David Bourget (Western Ontario)
David Chalmers (ANU, NYU)
Rafael De Clercq
Jack Alan Reynolds
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A defense of amorality as both philosophically justified and practicably livable. While in synch with their underlying aim of grounding human existence in a naturalistic metaphysics, this book takes both the new atheism and the mainstream of modern ethical philosophy to task for maintaining a complacent embrace of morality. It advocates instead replacing the language of morality with a language of desire. The book begins with an analysis of what morality is and then argues that the concept is not instantiated in reality. Following this, the question of belief in morality is addressed: How would human life be affected if we accepted that morality does not exist? The book argues that at the very least, a moralist would have little to complain about in an amoral world, and at best we might hope for a world that was more to our liking overall. An extended look at the human encounter with nonhuman animals serves as an illustration of amorality’s potential to make both theoretical and practical headway in resolving heretofore intractable ethical problems.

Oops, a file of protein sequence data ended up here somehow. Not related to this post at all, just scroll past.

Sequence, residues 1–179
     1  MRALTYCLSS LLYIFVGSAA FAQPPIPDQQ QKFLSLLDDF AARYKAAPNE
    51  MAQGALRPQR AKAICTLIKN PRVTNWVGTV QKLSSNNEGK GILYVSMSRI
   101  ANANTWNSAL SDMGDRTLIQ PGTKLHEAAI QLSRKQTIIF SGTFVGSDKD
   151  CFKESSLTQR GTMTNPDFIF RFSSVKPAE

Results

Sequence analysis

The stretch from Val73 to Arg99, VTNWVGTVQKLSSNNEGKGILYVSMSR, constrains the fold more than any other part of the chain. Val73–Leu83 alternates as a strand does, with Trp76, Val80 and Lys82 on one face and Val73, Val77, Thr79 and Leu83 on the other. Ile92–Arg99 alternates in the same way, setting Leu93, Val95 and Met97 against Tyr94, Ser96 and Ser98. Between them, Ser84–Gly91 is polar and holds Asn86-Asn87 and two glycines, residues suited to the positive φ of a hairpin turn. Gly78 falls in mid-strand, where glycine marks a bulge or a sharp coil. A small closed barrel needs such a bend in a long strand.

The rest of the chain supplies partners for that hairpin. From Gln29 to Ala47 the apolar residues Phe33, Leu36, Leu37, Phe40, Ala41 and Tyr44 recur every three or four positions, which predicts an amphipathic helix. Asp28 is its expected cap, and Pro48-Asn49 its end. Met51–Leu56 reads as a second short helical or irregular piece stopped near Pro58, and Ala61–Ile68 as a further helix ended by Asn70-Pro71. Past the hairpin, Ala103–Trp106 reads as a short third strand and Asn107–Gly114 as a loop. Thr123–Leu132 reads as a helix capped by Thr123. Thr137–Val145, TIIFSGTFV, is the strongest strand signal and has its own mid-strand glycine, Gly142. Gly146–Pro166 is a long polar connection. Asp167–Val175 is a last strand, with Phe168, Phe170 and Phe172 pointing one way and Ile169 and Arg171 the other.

|Keywords||Ethics Animal ethics Meta-ethics Moral abolitionism Amorality|
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|Call number||BJ1031.M3153 2012|
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Citations of this work BETA
Christopher Cowie (forthcoming). Good News for Moral Error Theorists: A Master Argument Against Companions in Guilt Strategies. Australasian Journal of Philosophy:1-16.
Richard Joyce (2013). Irrealism and the Genealogy of Morals. Ratio 26 (4):351-372.
James Lenman (2013). Ethics Without Errors. Ratio 26 (4):391-409.
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